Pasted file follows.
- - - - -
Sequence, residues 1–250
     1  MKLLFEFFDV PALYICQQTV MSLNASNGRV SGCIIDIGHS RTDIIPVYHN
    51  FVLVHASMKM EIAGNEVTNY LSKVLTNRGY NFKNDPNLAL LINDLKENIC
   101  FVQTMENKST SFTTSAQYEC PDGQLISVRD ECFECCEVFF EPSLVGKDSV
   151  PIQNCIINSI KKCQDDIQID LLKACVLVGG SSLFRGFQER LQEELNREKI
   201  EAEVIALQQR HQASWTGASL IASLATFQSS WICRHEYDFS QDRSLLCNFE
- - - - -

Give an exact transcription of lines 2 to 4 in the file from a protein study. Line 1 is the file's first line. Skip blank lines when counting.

     1  MKLLFEFFDV PALYICQQTV MSLNASNGRV SGCIIDIGHS RTDIIPVYHN
    51  FVLVHASMKM EIAGNEVTNY LSKVLTNRGY NFKNDPNLAL LINDLKENIC
   101  FVQTMENKST SFTTSAQYEC PDGQLISVRD ECFECCEVFF EPSLVGKDSV